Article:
As a kid, I was never really impressed with Frankenstein's monster or as I knew him at that point and still often catch myself referring to him "Frankenstein". He sort of settled into Halloween fodder, a face welcome only in the symbol of a favorite holiday, a generic drone adrift in seas of sheet ghosts, pirates, black cats, and clowns.
But like a lot of things in my life (the color yellow, the Friday the 13thmovies, Baby Ruth candy bars) my initial rejection would lead to me taking Frankenstein's monster for granted…and then one day I'd wake up and realize he's really fucking bizarre.
One of my earliest memories of Frankenstein's monster goes back to an autumn in my childhood. After Saturday morning cartoons, one of the local stations would play low budget b-grade horror films hosted by Dr. Paul Bearer.
The show was called Creature Feature and though I would love it now as a kid it only signalled that cartoons were over. Still, something about that show, broadcast on WTOG out of St. Petersburg, FL (just a few hours from where I lived) stayed with me.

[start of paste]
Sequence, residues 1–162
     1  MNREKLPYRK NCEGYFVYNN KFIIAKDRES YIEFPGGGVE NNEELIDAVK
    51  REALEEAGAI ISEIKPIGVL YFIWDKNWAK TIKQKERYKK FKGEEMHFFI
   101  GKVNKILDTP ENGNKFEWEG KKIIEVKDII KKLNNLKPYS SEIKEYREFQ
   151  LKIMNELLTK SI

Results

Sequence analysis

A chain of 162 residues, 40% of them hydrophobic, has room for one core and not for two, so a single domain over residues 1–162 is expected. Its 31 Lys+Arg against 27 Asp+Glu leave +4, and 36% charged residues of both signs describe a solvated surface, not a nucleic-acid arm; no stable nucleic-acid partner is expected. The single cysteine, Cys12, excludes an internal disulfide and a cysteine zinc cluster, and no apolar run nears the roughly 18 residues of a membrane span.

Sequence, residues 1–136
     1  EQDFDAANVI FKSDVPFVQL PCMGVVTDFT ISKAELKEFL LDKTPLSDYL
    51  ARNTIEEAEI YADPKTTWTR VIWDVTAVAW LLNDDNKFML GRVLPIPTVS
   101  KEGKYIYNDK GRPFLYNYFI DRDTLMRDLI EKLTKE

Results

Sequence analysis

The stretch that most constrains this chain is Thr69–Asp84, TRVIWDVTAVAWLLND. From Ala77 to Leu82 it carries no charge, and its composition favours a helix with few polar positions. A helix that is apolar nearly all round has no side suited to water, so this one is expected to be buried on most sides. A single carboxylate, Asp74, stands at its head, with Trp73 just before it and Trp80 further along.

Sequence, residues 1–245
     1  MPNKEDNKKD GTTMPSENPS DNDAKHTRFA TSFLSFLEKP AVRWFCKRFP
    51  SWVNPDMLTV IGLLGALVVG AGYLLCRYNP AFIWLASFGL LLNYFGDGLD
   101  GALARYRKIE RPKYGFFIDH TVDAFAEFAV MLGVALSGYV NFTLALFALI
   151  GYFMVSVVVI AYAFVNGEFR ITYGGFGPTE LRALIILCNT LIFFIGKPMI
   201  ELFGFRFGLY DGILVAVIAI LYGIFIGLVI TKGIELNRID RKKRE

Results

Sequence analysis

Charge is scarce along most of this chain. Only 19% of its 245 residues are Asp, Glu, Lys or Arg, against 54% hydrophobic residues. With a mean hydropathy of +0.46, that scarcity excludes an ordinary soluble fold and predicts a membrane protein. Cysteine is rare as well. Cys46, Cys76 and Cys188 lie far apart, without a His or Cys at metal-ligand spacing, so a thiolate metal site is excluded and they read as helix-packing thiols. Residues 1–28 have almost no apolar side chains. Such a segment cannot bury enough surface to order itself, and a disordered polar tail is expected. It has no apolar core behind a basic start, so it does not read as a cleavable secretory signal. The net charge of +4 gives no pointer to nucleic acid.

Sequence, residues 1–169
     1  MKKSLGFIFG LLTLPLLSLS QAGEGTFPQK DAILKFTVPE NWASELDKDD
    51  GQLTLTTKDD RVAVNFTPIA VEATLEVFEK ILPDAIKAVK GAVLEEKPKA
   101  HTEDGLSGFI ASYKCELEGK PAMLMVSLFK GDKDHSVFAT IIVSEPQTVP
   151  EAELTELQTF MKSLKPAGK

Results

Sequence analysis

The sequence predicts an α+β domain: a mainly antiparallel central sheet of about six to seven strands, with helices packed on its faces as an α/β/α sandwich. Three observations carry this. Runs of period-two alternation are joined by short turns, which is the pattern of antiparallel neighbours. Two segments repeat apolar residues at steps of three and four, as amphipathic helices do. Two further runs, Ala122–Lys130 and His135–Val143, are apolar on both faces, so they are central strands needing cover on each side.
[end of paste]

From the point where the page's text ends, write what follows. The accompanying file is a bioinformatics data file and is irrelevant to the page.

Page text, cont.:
I don't think I ever sat down and watched it, rather it would stay on the TV as I ran from my room, to the kitchen, outside, and back again. But I remember a spot that would play on TV where a slowed down voice wished the audience a happy Halloween from the TV station. The voice played over cheap, wavering images of all the classic monsters, but my mind always put that deep, creepy, cheesy voice as Frankenstein's monster's. It wasn't a direct thought, just something at the back of my head.
The first time Frankenstein's monster caught me by surprise was sometime in late middle school or early high school when we were given free reign to choose any "classic" book from the library and write a report about it. I can't really recall what books I was into at the time, if any, but guessing something by Stephen King or Lewis Carroll would probably be close. I don't remember distinctly, but I think I felt like I was settling when I eventually chose Mary Shelley's Frankenstein.
To this day, I don't remember a lot of the book other than burning through it in record time. I suddenly felt that the green, flat-top, neck-bolt model of Frankenstein's monster wasn't just the oafish holiday background actor I'd written him off as but rather a mockery, a farce, a candy corn-saturated spit-in-the-face of the poetic creation that Mary Shelley had brought to life with her words.